Choreography CHRISTOPHER WHEELDON
Music Director ANTON GRISHANIN
Set and Costume Design BOB CROWLEY
Lighting Design NATASHA KATZ
Video Design DANIEL BRODIE
Libretto by CHRISTOPHER WHEELDON and JOBY TALBOT after the play of the same name by WILLIAM SHAKESPEARE
The Winter's Tale is a ballet in three acts choreographed by Christopher Wheeldon to a commissioned score by Joby Talbot. With scenery and costumes designed by Bob Crowley, lighting designed by Natasha Katz, and special stage effects designed by Daniel Brodie and Basil Twist, it was a co-production of the Royal Ballet and the National Ballet of Canadaand was first presented at the Royal Opera House, London, on 10 April 2014.
Wheeldon's ballet is a dance version of William Shakespeare's play The Winter's Tale (1609-1611), considered by scholars one of his "problem plays," difficult to classify as tragedy, comedy, romance, or a combination of all three. The first three of its five acts are filled with intense psychological drama; the last two are lighthearted and comedic, concluding with a happy ending. It tells a complicated story of jealousy, loss, love, joy, redemption, forgiveness, and reconciliation. Shakespeare chose his title to signify to his audiences that the play was like a tale told in company gathered by a fireside on a winter's evening. A fictional invention—not true, but entertaining and morally instructive.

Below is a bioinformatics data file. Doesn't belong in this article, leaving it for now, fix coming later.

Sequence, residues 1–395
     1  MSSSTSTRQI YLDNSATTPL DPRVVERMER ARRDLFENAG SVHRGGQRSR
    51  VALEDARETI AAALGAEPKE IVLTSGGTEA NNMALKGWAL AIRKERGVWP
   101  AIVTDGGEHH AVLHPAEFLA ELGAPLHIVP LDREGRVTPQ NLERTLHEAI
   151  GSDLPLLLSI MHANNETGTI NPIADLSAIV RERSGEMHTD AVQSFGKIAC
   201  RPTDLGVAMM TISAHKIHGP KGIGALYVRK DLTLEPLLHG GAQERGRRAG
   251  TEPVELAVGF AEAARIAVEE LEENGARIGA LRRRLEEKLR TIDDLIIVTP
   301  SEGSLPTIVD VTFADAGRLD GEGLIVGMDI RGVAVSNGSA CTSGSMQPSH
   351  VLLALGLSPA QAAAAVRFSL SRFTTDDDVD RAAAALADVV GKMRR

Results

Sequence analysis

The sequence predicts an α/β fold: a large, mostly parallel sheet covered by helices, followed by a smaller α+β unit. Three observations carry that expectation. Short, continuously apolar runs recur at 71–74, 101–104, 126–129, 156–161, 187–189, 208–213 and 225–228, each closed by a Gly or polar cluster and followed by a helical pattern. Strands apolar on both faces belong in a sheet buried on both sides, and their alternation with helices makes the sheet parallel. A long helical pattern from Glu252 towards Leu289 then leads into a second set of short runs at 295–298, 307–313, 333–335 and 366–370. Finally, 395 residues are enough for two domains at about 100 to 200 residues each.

Leontes, king of Sicilia, is possessed by a mad jealousy, believing that his pregnant wife Hermione is having an affair with his childhood friend Polixenes, king of Bohemia. He orders that Hermione's infant daughter be abandoned. Hermione and their young son Mamillius die of distress, and Leontes is overcome with remorse. The baby is found by a shepherd in Bohemia and named Perdita ("the lost one"). Sixteen years pass. Perdita falls in love with Florizel, son of Polixenes, who returns her affections and proposed marriage. Polixenes is outraged that his princely son intends to marry a commoner and is consumed by fury. Florizel and Perdita, pursued by Polixenes, seek refuge in Sicilia at the court of Leontes. Perdita is recognized; Hermione returns from the dead; and the family is reunited. William shakespear the winter's tale